Global Ocean Science

Toward an Integrated Approach

Ocean Studies Board

Commission on Geosciences, Environment, and Resources

National Research Council


NATIONAL ACADEMY PRESS
Washington, D.C.
1999



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Global Ocean Science Toward an Integrated Approach Ocean Studies Board Commission on Geosciences, Environment, and Resources National Research Council NATIONAL ACADEMY PRESS Washington, D.C. 1999

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NATIONAL ACADEMY PRESS 2101 Constitution Avenue, N.W. Washington, DC 20418 NOTICE: The project that is the subject of this report was approved by the Governing Board of the National Research Council, whose members are drawn from the councils of the National Academy of Sciences, the National Academy of Engineering, and the Institute of Medicine. The members of the committee responsible for the report were chosen for their special competencies and with regard for appropriate balance. This material is based upon work supported by the Office of Naval Research and the National Science Foundation under Grant No. OCE-9634773. Any opinions, findings, and conclusions or recommendations expressed in this material are those of the authors and do not necessarily reflect the views of the sponsors. Libarary of Congress Cataloging-in Publication Data Global ocean science : toward an integrated approach / Ocean Studies Board, commission on Geosciences, Environment, and Resources, National Research Council. p. cm. Includes bibliographical references and index. ISBN 0-309-06564-X (casebound) 1. Oceanography—Research—International cooperation. 2. Oceanography—Research—Government policy—United States. I. National Research Council (U.S.). Ocean Studies Board. GC57 .G55 1999 551.46′0072—dc21 98-58045 Global Ocean Science: Toward an Integrated Approach is available from the National Academy Press, 2101 Constitution Avenue, NW, Box 285, Washington, DC 20055; 1-800-624-6242 or 202-334-3313 (in the Washington metropolitan area); Internet, http://www.nap.edu Copyright 1999 by the National Academy of Sciences. Printed in the United States of America

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Committee On Major U.S. Oceanographic Research Programs RANA FINE, Chair, University of Miami, Florida CHARLES COX, University of California, San Diego WILLIAM CURRY, Woods Hole Oceanographic Institution, Masssachusetts ELLEN DRUFFEL, University of California, Irvine JEFFREY FOX, Texas A&M University, College Station ROGER LUKAS, University of Hawaii, Manoa JAMES MURRAY, University of Washington, Seattle NEIL OPDYKE, University of Florida, Gainesville THOMAS POWELL, University of California, Berkeley MICHAEL ROMAN, University of Maryland THOMAS ROYER, Old Dominion University, Norfolk, Virginia LYNDA SHAPIRO, University of Oregon, Charleston ANNE THOMPSON, National Aeronautics and Space Administration ANDREW WEAVER, University of Victoria, British Columbia Staff DAN WALKER, Study Director SHARI MAGUIRE, Senior Project Assistant LORA TAYLOR, Senior Project Assistant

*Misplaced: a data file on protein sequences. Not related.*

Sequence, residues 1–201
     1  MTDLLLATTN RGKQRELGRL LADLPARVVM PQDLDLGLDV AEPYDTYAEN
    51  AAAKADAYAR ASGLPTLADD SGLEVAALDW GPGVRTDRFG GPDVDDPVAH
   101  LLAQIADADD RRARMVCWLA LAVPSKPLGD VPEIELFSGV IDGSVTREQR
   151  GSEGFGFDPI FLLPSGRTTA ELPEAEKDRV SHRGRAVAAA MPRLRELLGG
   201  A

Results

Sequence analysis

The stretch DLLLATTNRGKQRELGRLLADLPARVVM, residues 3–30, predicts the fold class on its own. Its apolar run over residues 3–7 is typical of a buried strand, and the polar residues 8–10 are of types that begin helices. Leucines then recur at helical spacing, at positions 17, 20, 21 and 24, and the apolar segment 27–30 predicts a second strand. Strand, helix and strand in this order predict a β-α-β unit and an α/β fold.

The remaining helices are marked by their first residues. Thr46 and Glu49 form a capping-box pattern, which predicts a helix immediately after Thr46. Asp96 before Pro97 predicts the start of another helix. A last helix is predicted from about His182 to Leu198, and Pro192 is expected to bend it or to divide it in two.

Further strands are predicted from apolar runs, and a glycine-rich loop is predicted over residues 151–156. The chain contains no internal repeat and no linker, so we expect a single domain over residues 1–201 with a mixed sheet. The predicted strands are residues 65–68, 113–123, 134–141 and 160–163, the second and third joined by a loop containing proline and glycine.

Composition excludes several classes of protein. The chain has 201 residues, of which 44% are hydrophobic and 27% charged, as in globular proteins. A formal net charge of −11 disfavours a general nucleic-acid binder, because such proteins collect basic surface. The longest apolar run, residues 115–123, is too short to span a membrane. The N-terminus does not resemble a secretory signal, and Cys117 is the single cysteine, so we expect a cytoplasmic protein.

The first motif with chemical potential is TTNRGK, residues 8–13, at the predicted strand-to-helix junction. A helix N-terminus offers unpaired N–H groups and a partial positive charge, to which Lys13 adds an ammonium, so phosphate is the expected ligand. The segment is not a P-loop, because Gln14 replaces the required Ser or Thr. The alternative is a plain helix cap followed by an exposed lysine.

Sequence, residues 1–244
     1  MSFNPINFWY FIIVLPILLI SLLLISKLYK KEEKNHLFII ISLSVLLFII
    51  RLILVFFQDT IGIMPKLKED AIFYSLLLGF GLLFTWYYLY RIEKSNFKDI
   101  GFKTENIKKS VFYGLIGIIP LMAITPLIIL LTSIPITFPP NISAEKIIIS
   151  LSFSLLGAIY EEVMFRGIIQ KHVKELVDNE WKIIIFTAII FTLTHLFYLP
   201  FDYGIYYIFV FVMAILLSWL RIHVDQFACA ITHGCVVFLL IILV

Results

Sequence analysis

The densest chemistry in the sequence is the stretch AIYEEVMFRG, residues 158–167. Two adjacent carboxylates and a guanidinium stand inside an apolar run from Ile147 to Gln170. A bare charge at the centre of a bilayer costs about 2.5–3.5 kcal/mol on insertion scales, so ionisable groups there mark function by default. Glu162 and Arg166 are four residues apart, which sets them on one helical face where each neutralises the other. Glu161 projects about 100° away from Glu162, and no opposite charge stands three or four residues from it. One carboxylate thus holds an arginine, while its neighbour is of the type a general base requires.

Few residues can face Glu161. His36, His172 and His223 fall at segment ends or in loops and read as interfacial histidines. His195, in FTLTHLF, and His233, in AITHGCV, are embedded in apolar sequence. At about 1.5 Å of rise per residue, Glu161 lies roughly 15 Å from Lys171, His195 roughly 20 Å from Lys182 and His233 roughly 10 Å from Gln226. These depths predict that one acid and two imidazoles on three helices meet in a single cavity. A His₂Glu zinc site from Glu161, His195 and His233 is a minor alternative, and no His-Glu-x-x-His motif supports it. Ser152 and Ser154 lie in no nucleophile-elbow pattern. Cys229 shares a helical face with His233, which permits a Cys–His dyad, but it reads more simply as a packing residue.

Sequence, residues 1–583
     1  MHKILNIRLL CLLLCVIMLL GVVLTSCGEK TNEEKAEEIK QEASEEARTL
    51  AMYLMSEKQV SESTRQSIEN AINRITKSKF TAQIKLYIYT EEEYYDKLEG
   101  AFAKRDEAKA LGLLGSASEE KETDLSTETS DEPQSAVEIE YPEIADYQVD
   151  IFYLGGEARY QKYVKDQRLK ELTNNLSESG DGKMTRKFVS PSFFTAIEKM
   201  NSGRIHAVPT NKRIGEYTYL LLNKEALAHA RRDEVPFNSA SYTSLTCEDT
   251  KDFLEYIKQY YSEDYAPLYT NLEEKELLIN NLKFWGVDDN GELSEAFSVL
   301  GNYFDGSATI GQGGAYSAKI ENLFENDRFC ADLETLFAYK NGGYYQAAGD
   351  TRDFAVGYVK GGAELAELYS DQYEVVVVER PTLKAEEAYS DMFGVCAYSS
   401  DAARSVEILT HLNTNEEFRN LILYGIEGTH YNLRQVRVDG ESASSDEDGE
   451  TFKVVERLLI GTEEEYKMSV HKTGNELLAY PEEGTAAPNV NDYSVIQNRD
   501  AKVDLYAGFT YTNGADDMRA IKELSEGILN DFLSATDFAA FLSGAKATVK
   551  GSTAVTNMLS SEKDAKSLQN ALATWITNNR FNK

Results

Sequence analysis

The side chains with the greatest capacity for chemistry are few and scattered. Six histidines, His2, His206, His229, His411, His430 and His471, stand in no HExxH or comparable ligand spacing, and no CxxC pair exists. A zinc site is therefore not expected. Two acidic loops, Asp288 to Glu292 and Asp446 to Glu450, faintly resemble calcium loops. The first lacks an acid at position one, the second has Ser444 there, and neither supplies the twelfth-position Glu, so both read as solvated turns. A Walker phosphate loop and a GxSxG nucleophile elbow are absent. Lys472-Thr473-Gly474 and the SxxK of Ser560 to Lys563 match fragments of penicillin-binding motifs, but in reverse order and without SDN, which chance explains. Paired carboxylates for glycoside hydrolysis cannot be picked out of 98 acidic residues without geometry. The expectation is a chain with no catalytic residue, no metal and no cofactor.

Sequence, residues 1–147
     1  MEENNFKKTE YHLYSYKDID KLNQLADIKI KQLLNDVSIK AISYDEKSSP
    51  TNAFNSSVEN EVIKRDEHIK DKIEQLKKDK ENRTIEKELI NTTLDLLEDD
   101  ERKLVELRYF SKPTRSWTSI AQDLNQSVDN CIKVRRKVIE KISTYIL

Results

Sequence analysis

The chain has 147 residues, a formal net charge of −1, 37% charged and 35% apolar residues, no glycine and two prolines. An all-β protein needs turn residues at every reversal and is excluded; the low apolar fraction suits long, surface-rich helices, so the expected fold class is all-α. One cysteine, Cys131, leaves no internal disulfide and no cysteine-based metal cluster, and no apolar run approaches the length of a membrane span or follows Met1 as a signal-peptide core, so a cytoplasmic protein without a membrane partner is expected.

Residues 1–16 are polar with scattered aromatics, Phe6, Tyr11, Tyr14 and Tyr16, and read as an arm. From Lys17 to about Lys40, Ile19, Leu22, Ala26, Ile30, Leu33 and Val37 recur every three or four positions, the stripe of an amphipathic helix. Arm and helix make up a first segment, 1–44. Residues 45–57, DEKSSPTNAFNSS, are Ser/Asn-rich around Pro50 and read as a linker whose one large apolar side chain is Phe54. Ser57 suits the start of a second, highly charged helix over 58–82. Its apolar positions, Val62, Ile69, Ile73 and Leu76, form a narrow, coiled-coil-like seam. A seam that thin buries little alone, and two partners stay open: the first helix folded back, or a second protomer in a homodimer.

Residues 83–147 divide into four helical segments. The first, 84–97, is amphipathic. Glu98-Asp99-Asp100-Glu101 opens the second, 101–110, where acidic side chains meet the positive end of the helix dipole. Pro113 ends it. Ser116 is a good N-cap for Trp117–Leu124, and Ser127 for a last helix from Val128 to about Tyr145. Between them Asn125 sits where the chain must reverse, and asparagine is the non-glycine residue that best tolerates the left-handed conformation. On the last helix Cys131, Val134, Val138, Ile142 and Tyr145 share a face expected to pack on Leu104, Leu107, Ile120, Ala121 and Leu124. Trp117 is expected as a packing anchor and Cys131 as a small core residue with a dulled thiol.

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Ocean Studies Board KENNETH BRINK, Chair, Woods Hole Oceanographic Institution, Massachusetts ALICE ALLDREDGE, University of California, Santa Barbara DAVID BRADLEY, Pennsylvania State University, State College DAN BROMLEY, University of Wisconsin, Madison OTIS BROWN, University of Miami, Florida WILLIAM CURRY, Woods Hole Oceanographic Institution, Massachusetts RANA FINE, University of Miami, Florida CARL FRIEHE, University of California, Irvine ROBERT GAGOSIAN, Woods Hole Oceanographic Institution, Massachusetts JOHN HOBBIE, Marine Biological Laboratory, Woods Hole, Massachusetts EILEEN HOFMANN, Old Dominion University, Norfolk, Virginia EDWARD HOUDE, University of Maryland, Solomons JOHN KNAUSS, University of Rhode Island, Narragansett ROBERT KNOX, University of California, San Diego RAY KRONE, University of California, Davis LOUIS LANZEROTTI, Bell Laboratories, Lucent Technologies, Murray Hill, New Jersey NANCY MARCUS, Florida State University, Tallahassee B. GREGORY MITCHELL, University of California, San Diego NEIL OPDYKE, University of Florida, Gainesville MICHAEL ORBACH, Duke University Marine Laboratory, Beaufort, North Carolina TERRANCE QUINN, University of Alaska, Juneau JAMES RAY, Equilon Enterprises LLC, Houston, Texas GEORGE SOMERO, Stanford University, Pacific Grove, California PAUL STOFFA, University of Texas, Austin KARL TUREKIAN, Yale University, New Haven, Connecticut Staff MORGAN GOPNIK, Director EDWARD R. URBAN, JR., Senior Program Officer DAN WALKER, Senior Program Officer SUSAN ROBERTS, Program Officer ROBIN MORRIS, Financial Associate GLENN MERRILL, Research Associate SHARI MAGUIRE, Senior Project Assistant LORA TAYLOR, Senior Project Assistant JENNIFER WRIGHT, Senior Project Assistant ANN CARLISLE, Project Assistant